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Michigan Dog Bite Injury and Provocation

dog provocation

Do You Have a Michigan Dog Bite Injury Case?

Each year in Michigan, there are hundreds if not thousands of dog attacks that result in personal injury. These cases are governed by statute under the Michigan dog bite law, or MCL 287.351.

The statute is as follows:

287.351 Person bitten by dog; liability of owner

(1) If a dog bites a person, without provocation while the person is on public property, or lawfully on private property, including the property of the owner of the dog, the owner of the dog shall be liable for any damages suffered by the person bitten, regardless of the former viciousness of the dog or the owner’s knowledge of such viciousness.

(2) A person is lawfully on the private property of the owner of the dog within the meaning of this act if the person is on the owner’s property in the performance of any duty imposed upon him or her by the laws of this state or by the laws or postal regulations of the United States, or if the person is on the owner’s property as an invitee or licensee of the person lawfully in possession of the property unless said person has gained lawful entry upon the premises for the purpose of an unlawful or criminal act.

Under the law, a dog owner is strictly liable for any damages their dog causes as a result of a dog bite. The only defenses to this action are (1) trespassing and (2) provocation. So long as the dog bite victim was not trespassing and did not provoke the dog bite, then the victim can obtain compensation for the attack, without regard to fault or negligence.

Provocation Explained

But what does provocation mean in Michigan dog bite cases? When is a dog provoked under Michigan law? The law on provocation is somewhat complicated.

First, the statute does not define “provocation”. Judges cannot easily just refer to a statute or law when reviewing whether or not an attack was provoked. Instead judges throughout the state have taken a multi-varied approach.

First, provocation can include unintentional acts made by a person. For example, if a person is walking backwards and accidentally steps on a dog, causing the dog to bite the person, the dog owner can assert provocation as a defense. Brans v. Extrom, 266 Mich App 216 (2005). So even if you did not intentionally try to provoke the dog, and your actions caused a dog to bite you, the dog owner can assert provocation as a defense if you pursue a Michigan dog bite lawsuit.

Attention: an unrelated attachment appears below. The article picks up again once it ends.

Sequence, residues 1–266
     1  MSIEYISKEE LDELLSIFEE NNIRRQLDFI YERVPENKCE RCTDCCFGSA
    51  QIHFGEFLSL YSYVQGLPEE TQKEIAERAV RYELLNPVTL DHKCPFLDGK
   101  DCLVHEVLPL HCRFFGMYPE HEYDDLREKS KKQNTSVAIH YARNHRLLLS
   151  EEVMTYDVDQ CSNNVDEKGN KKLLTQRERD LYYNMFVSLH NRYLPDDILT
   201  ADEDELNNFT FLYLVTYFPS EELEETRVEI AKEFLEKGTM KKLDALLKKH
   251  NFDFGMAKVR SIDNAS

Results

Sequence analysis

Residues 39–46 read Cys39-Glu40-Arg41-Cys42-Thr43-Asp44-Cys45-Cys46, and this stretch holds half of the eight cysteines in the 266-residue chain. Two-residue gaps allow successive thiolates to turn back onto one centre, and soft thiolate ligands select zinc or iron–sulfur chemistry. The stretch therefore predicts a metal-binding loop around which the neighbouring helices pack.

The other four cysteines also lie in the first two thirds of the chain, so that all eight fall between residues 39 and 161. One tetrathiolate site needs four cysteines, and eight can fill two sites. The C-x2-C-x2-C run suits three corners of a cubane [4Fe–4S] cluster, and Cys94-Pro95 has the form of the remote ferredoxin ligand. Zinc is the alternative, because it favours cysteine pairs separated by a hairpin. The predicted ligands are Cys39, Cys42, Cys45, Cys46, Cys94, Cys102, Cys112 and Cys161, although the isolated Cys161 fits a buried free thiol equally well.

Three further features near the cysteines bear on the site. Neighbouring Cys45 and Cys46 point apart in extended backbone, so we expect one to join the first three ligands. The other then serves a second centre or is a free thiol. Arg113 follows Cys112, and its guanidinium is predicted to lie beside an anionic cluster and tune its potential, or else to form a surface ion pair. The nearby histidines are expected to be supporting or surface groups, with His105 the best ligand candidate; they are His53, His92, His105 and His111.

In addition, a person cannot provoke a dog that is already provoked. For example, if a dog is fighting another dog, and a person comes in to stop the attack and is bitten, provocation cannot be used as a defense by the dog owner because the dog was already provoked. Koivisto v. Davis, 277 Mich. App 492, 496; 745 NW 2d 824, 827 (2008).

Although the statute does not define what provocation, judges have turned to other resources as a guide in these cases, most notably the good old-fashioned dictionary.

In Brans v. Extrom, the Michigan Court of Appeals referred to Black’s Law Dictionary (4th Ed) in defining provocation. According to the dictionary, provocation is “the act of inciting another to do a particular deed. That which arouses, moves, calls forth, causes, or occasions.” 266 Mich. App 216, 219; 701 N.W. 2d 163 (2005).  In another case, the Court of Appeals referred to a Webster’s dictionary, which defined provocation as “something that provokes, esp. by inciting, instigating, angering, or irritating.” Koisvisto v. Davis, 277 Mich. App 492, 496; 745 NW 2d 824, 827 (2008).

Michigan courts have also ruled that to prove provocation, the defendant must establish the victim commenced a definitive act or actions to incite, instigate or anger the animal and further the dog’s response must be proportional to the victim’s act.  See Bradacs v. Jiacobone, 244 Mich. App 263, 276; 625 N.W. 2d 108 (2001); Palloni v. Smith, 167 Mich. App. 393, 421 N.W. 2d 699 (1988).

So the simple act of petting a dog should not be considered provocation because getting bit by a dog for simply petting the animal is not proportional. However, more aggressive play such as tugging on the dog or pulling at its ears may be considered provocation. Each case is different and judges will make a decision on the provocation defense on a case-by-case basis.

Michigan Dog Bite Lawyers

If you or somebody you know has been attacked and bite by a dog, please call the Michigan dog bite lawyers at the Lee Steinberg Law Firm. The consultation is free and there is no fee unless we win your case. Please call us at 1-800-LEE-FREE (1-800-533-3733) so we may answer your questions and assist you with your case.